- I was stuck 20 miles from home because I got a flat tire and had no tire replacement kit and neither a mini bike pump.
- I didn’t know what chamois cream was and how it would make my rides more comfortable.
- I remember countless rides when I almost didn’t get home due to absolute exhaustion.
You get the idea… So, here are a few tips you can take advantage of.
1. Get Cycling Clothing & Other Accessories
I know, getting a new bike and other accessories is not cheap. I struggled with buying cycling clothes and other accessories in the beginning because I had a very tight budget.
The good news is that you don’t have to buy all things at once; you can slowly build up your equipment. But some things like a cycling helmet are a must-have!
Here is a list of cycling clothing and other accessories to buy:
- Road bike helmet to increase your safety on roads.
- Cycling jersey and bib shorts to make your rides more comfortable.
- Chamois cream to further increase your riding comfort during long rides.
- Cycling sunglasses to protect your eyes, improve your riding experience and avoid tearing eyes.
- Clipless pedals with road cycling shoes to improve your pedal stroke efficiency.
- A saddle bag to store tools for tire replacement.
- A mini bike pump to inflate your tires after a puncture.
2. Download Useful Cycling Apps
Mobile apps will help you plan your trip, advise you on how to provide first aid or adjust your bike, forecast what the weather will be like, etc. My favorite apps include:
- Windy for weather forecast
- Red Cross for first aid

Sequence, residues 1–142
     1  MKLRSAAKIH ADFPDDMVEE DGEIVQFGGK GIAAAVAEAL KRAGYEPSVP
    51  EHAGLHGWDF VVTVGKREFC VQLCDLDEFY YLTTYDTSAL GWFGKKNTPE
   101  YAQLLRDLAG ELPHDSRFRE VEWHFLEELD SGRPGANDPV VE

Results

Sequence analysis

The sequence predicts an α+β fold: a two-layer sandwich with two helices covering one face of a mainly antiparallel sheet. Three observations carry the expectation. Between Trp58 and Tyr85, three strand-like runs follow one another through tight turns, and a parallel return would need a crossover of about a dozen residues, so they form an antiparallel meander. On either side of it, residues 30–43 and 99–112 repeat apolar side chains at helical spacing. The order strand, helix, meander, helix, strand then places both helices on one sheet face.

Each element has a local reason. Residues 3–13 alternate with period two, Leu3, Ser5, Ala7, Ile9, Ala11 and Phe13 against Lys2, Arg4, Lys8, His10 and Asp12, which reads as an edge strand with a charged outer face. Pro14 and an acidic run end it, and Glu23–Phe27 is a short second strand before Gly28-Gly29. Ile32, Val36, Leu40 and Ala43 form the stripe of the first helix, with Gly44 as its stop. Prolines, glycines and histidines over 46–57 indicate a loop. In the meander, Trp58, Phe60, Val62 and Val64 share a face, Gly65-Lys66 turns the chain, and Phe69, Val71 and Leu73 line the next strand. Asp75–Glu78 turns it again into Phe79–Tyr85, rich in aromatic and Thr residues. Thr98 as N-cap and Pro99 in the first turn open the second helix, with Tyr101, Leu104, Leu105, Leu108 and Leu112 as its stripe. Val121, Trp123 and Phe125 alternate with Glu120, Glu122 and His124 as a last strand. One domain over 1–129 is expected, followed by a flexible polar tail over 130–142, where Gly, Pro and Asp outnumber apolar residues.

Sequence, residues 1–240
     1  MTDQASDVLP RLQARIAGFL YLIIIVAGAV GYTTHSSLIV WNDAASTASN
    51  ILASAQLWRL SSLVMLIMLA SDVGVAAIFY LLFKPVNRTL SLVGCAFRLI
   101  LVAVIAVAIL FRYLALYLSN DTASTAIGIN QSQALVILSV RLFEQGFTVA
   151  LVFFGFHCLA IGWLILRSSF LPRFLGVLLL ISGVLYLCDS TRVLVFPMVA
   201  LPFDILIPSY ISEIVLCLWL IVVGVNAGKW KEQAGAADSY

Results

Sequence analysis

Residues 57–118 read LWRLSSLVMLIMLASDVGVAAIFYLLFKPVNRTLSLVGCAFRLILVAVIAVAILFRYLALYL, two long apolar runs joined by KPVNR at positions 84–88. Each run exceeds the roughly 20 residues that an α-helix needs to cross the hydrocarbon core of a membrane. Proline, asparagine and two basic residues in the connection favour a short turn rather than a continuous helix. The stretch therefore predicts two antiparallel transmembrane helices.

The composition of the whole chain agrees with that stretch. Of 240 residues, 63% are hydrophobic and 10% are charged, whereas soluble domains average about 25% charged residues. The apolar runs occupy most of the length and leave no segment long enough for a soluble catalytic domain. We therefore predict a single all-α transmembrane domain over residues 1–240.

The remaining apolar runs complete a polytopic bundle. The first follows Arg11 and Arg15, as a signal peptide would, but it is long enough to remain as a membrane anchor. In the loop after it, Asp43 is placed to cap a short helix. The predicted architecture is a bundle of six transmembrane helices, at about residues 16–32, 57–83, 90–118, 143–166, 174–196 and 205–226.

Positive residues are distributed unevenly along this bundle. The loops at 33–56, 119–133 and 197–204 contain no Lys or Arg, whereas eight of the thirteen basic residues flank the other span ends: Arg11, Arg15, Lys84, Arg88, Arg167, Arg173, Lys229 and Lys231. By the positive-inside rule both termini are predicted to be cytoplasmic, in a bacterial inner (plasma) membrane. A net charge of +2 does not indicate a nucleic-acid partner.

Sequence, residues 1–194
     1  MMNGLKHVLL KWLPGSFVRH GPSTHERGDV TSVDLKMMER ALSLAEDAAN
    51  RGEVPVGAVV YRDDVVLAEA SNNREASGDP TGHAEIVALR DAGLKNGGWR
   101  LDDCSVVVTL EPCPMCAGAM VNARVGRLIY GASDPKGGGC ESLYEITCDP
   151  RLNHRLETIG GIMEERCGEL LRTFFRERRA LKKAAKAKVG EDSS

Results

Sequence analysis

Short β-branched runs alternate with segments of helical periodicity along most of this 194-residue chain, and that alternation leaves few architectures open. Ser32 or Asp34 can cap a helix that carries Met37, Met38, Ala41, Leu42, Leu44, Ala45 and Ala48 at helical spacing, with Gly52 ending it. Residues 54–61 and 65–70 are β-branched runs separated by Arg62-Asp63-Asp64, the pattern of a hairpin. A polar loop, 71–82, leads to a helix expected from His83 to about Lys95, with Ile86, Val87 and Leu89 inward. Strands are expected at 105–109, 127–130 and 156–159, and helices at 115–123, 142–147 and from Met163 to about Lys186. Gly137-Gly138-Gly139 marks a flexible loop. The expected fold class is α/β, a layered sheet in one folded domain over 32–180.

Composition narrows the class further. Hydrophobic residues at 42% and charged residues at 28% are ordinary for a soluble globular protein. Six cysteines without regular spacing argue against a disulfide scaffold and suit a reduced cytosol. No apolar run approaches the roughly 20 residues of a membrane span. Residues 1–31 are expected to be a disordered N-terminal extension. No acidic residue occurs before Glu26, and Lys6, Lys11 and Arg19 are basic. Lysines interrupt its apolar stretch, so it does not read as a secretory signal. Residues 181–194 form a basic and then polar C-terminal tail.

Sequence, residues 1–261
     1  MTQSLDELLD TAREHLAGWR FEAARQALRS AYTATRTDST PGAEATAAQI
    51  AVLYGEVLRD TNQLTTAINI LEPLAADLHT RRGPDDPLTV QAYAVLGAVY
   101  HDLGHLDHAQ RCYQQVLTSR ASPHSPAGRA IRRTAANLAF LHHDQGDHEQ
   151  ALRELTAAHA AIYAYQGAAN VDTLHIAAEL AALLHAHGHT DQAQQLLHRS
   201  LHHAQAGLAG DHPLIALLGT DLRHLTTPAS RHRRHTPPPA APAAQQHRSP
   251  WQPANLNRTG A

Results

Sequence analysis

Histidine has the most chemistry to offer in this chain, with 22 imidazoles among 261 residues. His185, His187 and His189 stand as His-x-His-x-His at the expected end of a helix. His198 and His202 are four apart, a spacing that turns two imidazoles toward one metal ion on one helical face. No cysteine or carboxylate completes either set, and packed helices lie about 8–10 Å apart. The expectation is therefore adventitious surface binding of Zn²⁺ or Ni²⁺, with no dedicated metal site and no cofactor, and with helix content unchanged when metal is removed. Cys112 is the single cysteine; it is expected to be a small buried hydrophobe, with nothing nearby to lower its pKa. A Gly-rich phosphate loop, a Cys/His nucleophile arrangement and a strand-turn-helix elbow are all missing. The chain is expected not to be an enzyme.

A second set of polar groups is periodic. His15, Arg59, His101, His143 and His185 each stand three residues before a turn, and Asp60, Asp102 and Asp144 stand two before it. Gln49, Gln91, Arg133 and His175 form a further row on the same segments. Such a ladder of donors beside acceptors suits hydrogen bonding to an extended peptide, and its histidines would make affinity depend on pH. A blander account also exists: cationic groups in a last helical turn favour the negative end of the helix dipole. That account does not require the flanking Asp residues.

- Strava for ride tracking
You don’t need to download all apps I recommend, but I believe some of them will improve your riding experience. Read my Best Apps for Cyclists to find out more.
3. Tweak Your Riding Position
Setting the correct bike fit is alchemy. If you succeed, you will increase your riding comfort, prevent injuries, and you will enjoy your rides much more.
One of the best road bike fitting series out there was made by Cam Nicholls and Neill Stanbury. Neill is a pro bike fitter that can explain bike fitting in an easy-to-understand way so you can set your bike fit at home.
4. Eat and Drink Properly During Your Ride
It can be difficult to estimate how much food and water you will need for your trip when you are a beginner.
The longer the ride, the more food, and water you will need. I always take more food with me than I need to prevent hunger-strike.
Trainright.com recommends eating at 100-150 calories of carbohydrates (25-37 g) per hour during rides longer than 90 minutes. But, it is more complicated than that.
The number of burned calories depends on your weight, ride intensity, and many other factors.
TIP: Take some cash with you so you can buy water or food during your ride.
Every person is different and has different needs, so it may take a while to figure out how much food you will need for your ride. I usually take a few bananas, bread with Nutella, rice cake, or oatmeal balls for rides longer than 2 hours.
What about the water? The British Cycling organization recommends taking 500-750 ml of fluids per hour. If you underestimate the fluids intake during longer rides, you may run into problems (cramps, dehydration, etc.).
If you don’t have a water bottle yet, make sure you get one. Check the selection of the best insulated and non-insulated cycling water bottles.
To find out more about fueling your body during a bike ride, check this article by Trainright.com.
5. Join a Club or Find Other Roadies in Your Area
The first season I rode the road bike alone. I enjoyed it less and less because it was too stereotypical. That’s why I found other cyclists in my area to do rides and training together.
I managed to find a local club. The beauty of road cycling is, among other things, that you can visit places you didn’t know about, push your limits, meet new people, compete, and have fun.
Often the others motivate you to ride regularly or help you to squeeze the most out of you. Believe me. You will be able to ride further and probably even faster in the group.
And if everything goes well and you build new friendships, you can go on holiday together to places where you would hardly get by yourself.
This post is regularly updated to provide you with the most up-to-date tips on products. If you find a product that is not up to date, please, contact me.